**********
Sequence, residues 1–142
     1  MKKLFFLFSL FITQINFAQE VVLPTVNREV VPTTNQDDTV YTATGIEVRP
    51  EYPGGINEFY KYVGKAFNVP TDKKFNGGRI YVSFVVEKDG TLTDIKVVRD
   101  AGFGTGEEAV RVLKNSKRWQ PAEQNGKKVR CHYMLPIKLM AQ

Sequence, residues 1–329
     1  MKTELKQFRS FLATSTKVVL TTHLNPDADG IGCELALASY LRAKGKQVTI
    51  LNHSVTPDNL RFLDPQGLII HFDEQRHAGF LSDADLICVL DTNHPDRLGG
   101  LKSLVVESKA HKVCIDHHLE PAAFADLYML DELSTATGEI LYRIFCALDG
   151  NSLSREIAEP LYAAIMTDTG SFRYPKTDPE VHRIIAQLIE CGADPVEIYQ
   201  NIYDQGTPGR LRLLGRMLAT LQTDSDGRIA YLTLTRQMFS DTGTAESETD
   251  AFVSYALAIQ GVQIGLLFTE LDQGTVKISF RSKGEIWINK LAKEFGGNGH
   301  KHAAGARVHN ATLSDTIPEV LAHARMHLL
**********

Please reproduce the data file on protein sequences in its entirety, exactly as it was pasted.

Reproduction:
Sequence, residues 1–142
     1  MKKLFFLFSL FITQINFAQE VVLPTVNREV VPTTNQDDTV YTATGIEVRP
    51  EYPGGINEFY KYVGKAFNVP TDKKFNGGRI YVSFVVEKDG TLTDIKVVRD
   101  AGFGTGEEAV RVLKNSKRWQ PAEQNGKKVR CHYMLPIKLM AQ

Sequence, residues 1–329
     1  MKTELKQFRS FLATSTKVVL TTHLNPDADG IGCELALASY LRAKGKQVTI
    51  LNHSVTPDNL RFLDPQGLII HFDEQRHAGF LSDADLICVL DTNHPDRLGG
   101  LKSLVVESKA HKVCIDHHLE PAAFADLYML DELSTATGEI LYRIFCALDG
   151  NSLSREIAEP LYAAIMTDTG SFRYPKTDPE VHRIIAQLIE CGADPVEIYQ
   201  NIYDQGTPGR LRLLGRMLAT LQTDSDGRIA YLTLTRQMFS DTGTAESETD
   251  AFVSYALAIQ GVQIGLLFTE LDQGTVKISF RSKGEIWINK LAKEFGGNGH
   301  KHAAGARVHN ATLSDTIPEV LAHARMHLL